[2] Christiana Mesquita, Cuba Holds Unusual Vote on Law Allowing Same-Sex Marriage, AP News (Sept. 26, 2022),

[3] Id.

[4] Id.

[5] See Rafael Ocasio, Gays and the Cuban Revolution: The Case of Reinaldo Arenas, 29 Latin Am. Persp. 78-98 (2002) (describing the tactics Castro’s government used to suppress gay people following the revolution and throughout the 1960s); See also BBC News, Fidel Castro Takes Blame for Persecution of Cuban Gays (Aug. 31, 2010), (“If someone is responsible, it’s me.”).

[6] Cuban Family Code, Mar. 8, 1975, (Cuba).

[7] Id. at ch. 1, art. 2.

[8] Charlotte Mitchell, Cuban President Miguel Diaz-Canel Backs Same-Sex Marriage, Al Jazeera (Sept. 17, 2018),

[9] Id.

[10] Id.

[11] Id.

[12] Id.

[13] Id.

[14] Sarah Marsh, Cuba Publishes Draft Family Code that Opens the Door to Gay Marriage, Reuters (Sept. 15, 2021, 6:12 PM),

[15] Dave Sherwood, Cubans Head to Polls to Vote on Government-Sponsored Code to Legalize Gay Marriage, Adoption, Reuters (Sept. 25, 2022, 4:41 PM),

[16] Julia Conley, In “Unprecedented Democratic Exercise,” Cubans Approve Inclusive Family Code, Common Dreams (Sept. 26, 2022),

[17] Id.

[18] Id.

[19] Id.

[20] See C.J. Atkins, Draft Family Code Brings Cuba Closer to Same-Sex Marriage Equality, People’s World (Sept. 17, 2021), (describing the history of LGBT rights in Cuba and the role played by CENESEX leader Mariela Castro, the daughter of Raul Castro).

[21] Mesquita, supra note 2; See also On Cuba News, Catholic Bishops of Cuba Express Discrepancies with Family Code (Sept. 14, 2022) (discussing the opposition of Cuba’s Catholic leaders to the portions of the new Code which promoted “gender ideology,” same-sex marriage, and same-sex adoption. The Catholic church also urged its followers to participate in the referendum, saying that voting no “would not mean the impossibility of continuing to work on a new Code [with] all aspects positive that this law contains.” The church identified the positive aspects as the portions concerning “the protection of the elderly, children, the disabled and the vulnerable.”).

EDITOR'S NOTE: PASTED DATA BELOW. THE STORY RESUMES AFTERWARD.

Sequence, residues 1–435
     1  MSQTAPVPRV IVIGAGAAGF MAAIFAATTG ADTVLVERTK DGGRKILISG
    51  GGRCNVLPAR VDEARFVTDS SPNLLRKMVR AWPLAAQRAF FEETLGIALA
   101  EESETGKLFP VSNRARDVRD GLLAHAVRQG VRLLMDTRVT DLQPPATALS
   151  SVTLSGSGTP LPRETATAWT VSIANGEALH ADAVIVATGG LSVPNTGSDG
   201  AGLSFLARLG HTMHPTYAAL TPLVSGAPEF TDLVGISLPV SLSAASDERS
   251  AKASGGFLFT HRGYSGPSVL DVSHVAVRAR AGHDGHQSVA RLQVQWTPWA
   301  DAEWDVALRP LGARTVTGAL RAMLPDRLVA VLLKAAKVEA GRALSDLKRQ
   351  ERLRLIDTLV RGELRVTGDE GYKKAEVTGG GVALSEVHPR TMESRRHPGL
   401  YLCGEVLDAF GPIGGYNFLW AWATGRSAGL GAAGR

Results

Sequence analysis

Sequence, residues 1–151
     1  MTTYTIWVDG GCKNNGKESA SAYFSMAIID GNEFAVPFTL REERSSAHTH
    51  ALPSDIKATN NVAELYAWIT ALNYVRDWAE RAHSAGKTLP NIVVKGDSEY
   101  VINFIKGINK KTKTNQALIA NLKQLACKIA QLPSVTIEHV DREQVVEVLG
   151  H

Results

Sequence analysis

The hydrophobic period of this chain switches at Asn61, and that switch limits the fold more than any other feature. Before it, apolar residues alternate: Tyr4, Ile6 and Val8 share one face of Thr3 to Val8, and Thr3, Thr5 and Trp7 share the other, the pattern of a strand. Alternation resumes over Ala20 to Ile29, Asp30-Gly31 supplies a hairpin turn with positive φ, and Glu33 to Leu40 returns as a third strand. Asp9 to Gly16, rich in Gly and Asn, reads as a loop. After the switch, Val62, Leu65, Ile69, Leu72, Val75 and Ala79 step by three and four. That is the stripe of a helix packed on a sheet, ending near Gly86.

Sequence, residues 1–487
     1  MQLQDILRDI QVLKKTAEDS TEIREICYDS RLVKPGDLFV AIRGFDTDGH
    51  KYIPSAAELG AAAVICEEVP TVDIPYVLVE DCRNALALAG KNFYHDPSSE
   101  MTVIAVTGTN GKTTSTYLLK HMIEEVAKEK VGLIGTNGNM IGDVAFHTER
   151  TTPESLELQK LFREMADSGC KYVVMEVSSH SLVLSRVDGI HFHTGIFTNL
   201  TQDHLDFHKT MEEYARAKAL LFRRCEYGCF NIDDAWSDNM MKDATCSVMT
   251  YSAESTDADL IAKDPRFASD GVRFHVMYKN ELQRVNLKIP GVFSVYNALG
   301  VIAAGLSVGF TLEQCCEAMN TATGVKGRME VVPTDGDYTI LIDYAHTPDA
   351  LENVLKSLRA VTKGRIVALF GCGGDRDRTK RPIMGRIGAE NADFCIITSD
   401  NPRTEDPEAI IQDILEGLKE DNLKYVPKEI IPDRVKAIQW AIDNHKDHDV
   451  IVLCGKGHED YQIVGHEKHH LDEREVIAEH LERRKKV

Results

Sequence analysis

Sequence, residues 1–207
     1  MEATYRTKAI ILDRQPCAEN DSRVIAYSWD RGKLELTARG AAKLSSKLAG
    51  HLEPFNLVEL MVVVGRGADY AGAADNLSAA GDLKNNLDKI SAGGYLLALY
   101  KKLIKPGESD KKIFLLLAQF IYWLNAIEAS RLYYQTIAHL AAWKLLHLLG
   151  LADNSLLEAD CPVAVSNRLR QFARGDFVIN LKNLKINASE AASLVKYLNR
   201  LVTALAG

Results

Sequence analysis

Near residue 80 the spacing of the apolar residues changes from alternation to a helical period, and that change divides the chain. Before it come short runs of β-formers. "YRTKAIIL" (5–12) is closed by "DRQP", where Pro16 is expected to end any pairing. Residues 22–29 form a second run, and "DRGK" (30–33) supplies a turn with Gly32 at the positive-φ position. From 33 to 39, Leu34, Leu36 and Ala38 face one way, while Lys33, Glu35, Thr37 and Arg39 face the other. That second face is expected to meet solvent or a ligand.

[22] Mesquita, supra note 2.

[23] Id.

[24] Mark Frank, Cubans Split over New Family Code as Referendum Nears, Reuters (Mar. 30, 2022, 6:19 AM), (citing to three unnamed experts to assert the referendum faced steep opposition).

[25] Conley, Supra notes 16–19.

[26] See Mesquita, Supra note 2.

[27] See United States House of Representatives, Election Statistics: 1920 to Present (last visited Oct. 5, 2022),

[28] See Roe v. Wade, 410 U.S. 113 (1973); Dobbs v. Jackson Women’s Health Org., 141 S. Ct. 2228 (2022).

[29] See Dobbs at 2301 (Thomas, J., concurring) (arguing the Supreme Court should revisit the Obergefell decision).

[30] See Sheryl Stolberg, On Abortion, Obama is Drawn into Debate He Hoped to Avoid, N.Y. Times (May 14, 2009),

[31] Annie Gowen, How Abortion Rights Organizers Won in Kansas, Wash. Post (Aug. 3, 2022, 7:48 P.M.),; see also Mona Zhang and Paul Demko, Where Cannabis Legalization Efforts Stand Across the Country, POLITICO (August 3, 2022, 4:30 A.M.), (arguing direct referendums had been more successful than state legislatures at legalizing marijuana).

[32] Graham Rapier, Uber, Lyft, and Doordash Have Now Spent more than $200 million on Prop 22, Business Insider (Oct. 30, 2020),

[33] John Slade, Big Money Scores Big with St. Paul Council’s Plan to Gut Rent Stabilization, Minn. Reformer (Sept. 20, 2022, 5:45 A.M.),

[34] Id.

[35] See generally Ed Augustin, Sixty Years after U.S. Embargo, Its Imprint Affects Cubans’ Daily Lives, NBC News (Feb. 4, 2022, 3:59 A.M.), (detailing the effects of the U.S. embargo on everyday Cubans); see generally Andrew Bacevich, Washington Rules: America’s Path to Permanent War 77-80 (2010) (detailing Operation Mongoose, in which the Kennedy Administration engaged in “state-sponsored terrorism,” including bombings, crop burnings, and assassination attempts on Fidel Castro).


*Buchanan Waller is a staff member on the Journal of Law & Inequality, Vol. 41.